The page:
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Fire-Resistant Hydrogel-Fabric Laminates: A Simple Concept That May Save Lives

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journal contribution
posted on 10.02.2016, 21:14 by Widusha R. K. Illeperuma, Philipp Rothemund, Zhigang Suo, Joost J. Vlassak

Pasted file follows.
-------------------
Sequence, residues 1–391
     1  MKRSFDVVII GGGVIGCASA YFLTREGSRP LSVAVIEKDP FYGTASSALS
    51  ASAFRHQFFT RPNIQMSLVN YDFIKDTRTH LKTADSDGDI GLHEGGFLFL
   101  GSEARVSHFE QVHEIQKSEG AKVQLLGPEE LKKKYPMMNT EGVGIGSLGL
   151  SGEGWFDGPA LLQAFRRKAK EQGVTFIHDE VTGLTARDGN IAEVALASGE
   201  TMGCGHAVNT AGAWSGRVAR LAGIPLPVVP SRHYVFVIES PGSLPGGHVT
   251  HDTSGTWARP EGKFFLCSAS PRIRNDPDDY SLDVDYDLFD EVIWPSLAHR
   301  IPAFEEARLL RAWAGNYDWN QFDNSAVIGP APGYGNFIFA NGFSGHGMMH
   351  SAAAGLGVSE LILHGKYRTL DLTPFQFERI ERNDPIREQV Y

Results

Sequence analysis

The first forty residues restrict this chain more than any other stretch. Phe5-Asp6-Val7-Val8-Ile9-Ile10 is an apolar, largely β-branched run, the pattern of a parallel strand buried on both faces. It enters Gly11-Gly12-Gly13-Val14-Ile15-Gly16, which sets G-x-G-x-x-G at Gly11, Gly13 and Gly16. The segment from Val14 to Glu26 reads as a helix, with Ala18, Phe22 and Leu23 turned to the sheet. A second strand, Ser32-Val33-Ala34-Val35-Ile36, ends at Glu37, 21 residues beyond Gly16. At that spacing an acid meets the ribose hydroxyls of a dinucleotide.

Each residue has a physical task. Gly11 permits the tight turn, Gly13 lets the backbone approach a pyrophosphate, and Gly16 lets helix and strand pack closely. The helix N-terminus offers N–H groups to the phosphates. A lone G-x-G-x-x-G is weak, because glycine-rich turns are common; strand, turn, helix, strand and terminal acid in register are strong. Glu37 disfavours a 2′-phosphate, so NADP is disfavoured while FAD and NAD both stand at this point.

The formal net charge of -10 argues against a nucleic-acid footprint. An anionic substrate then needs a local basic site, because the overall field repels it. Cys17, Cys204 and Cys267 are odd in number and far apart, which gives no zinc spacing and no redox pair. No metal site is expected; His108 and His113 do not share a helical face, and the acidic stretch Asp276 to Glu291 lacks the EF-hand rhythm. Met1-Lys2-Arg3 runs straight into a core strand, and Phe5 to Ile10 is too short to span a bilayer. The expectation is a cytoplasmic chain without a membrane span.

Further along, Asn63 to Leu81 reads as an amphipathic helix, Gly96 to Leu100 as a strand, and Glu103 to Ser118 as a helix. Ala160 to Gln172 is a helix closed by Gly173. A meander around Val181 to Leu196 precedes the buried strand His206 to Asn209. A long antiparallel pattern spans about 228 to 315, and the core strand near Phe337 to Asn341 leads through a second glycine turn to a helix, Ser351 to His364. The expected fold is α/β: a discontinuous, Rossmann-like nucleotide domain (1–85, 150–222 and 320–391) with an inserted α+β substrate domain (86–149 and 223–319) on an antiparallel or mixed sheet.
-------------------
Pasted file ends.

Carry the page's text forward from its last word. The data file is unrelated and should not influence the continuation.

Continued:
There is a large demand for fabrics that can survive high-temperature fires for an extended period of time, and protect the skin from burn injuries. Even though fire-resistant polymer fabrics are commercially available, many of these fabrics are expensive, decompose rapidly, and/or become very hot when exposed to high temperatures. We have developed a new class of fire-retarding materials by laminating a hydrogel and a fabric. The hydrogel contains around 90% water, which has a large heat capacity and enthalpy of vaporization. When the laminate is exposed to fire, a large amount of energy is absorbed as water heats up and evaporates. The temperature of the hydrogel cannot exceed 100 °C until it is fully dehydrated. The fabric has a low thermal conductivity and maintains the temperature gradient between the hydrogel and the skin. The laminates are fabricated using a recently developed tough hydrogel to ensure integrity of the laminate during processing and use. A thermal model predicts the performance of the laminates and shows that they have excellent heat resistance in good agreement with experiments, making them viable candidates in life saving applications such as fire-resistant blankets or apparel.